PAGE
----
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OPLIN 4Cast #231: Digital currency

Posted in 4cast

A couple of articles and some tweets about Bitcoin came to our attention recently, which led us to do some research into digital currency. Conventional currency (the money in your pocket) is issued by governments, but for some time now there have also been local currencies that serve a specific community. Taking this one step further, there have been efforts to create digital currencies that enable Internet payments without a “middle man.” The open money project, based on LETS (“Local Exchange Trading System”) software is an early effort. Some digital currencies, such as E-gold, have been shut down by governments because they were suspected of enabling money laundering. Now comes the Bitcoin system, virtual coins in the form of encrypted files that are stored on your computer and can be traded for conventional currency on exchange websites. What does this have to do with libraries? Well… we’re not really sure. But if cryptocurrency is about to become the next Internet revolution, we thought we should mention it to you.

  • Money and the sustainable economy (Michael Linton and Angus Soutar, July 1996)  “We act as though money needs to be real—a limited commodity that can drain away. This results directly in unemployed resources—people who want work are not able to find it. Indirectly, and of more damage to the environment, there are also misemployed resources—people doing damaging things simply for the money. Yet MONEY ISN’T REALLY REAL—MONEY IS INFORMATION. Money is just a measuring device, which we use to measure the value of our real exchanges.”
  • Bitcoin: a peer-to-peer electronic cash system [pdf] (Satoshi Nakamoto, May 2009)  “Merchants must be wary of their customers, hassling them for more information than they would otherwise need. A certain percentage of fraud is accepted as unavoidable. These costs and payment uncertainties can be avoided in person by using physical currency, but no mechanism exists to make payments over a communications channel without a trusted party. What is needed is an electronic payment system based on cryptographic proof instead of trust, allowing any two willing parties to transact directly with each other without the need for a trusted third party.”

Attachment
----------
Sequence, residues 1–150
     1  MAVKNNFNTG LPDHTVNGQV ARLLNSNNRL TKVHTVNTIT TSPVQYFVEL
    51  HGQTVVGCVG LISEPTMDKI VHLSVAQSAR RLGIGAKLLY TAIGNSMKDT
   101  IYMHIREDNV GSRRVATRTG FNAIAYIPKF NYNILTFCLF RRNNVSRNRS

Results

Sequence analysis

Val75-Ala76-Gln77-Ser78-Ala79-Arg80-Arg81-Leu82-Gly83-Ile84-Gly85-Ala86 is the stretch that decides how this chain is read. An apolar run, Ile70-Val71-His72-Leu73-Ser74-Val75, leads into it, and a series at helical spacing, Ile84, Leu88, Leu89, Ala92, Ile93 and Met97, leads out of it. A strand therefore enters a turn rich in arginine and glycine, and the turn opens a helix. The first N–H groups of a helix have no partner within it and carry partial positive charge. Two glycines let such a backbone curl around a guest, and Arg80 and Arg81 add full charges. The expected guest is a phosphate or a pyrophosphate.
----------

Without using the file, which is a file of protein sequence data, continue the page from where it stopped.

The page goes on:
• Bitcoin P2P currency: the most dangerous project we’ve ever seen (Jason Calacanis and the LAUNCH team, May 2011)  “We are 100% certain that governments will start banning bitcoins in the next 12 to 18 months. Additionally, we’re certain bitcoins will soar in value and a crush of folks will flood the system and start using them. Currently there are 6M coins at $6.70 each for a total economy of about $40M. Bitcoin speculation and hoarding will also cause a massive spike in bitcoin value. For example, if 10M people find out about bitcoins in the next year and want to buy $100 worth, $1B will be infused into the bitcoin economy.”
  • Will work for Bitcoin coder says most people just using it as an investment vehicle (Adrianne Jeffries interviewing Nick Carlson, May 2011)  “If there’s one point I’d like to communicate in this interview it’s the following: Bitcoin may fail for any number of reasons, technical or non-technical. But, cryptocurrency is here to stay. Software evolves quickly. Any technical point of failure in Bitcoin’s adoption will be remedied by the next cryptocurrency, whether that’s Bitcoin 2.0 or an entirely new project. Moreover, I expect to see significant academic interest in this area.”

Control fact:
While decentralized payment systems like Bitcoin certainly have the potential for abuse, some people also see them as a way to avoid unwanted government controls on financial transactions, such as the freezing of donations to WikiLeaks from Visa, Mastercard, and Paypal accounts after the release of U.S. State Department cables late last year.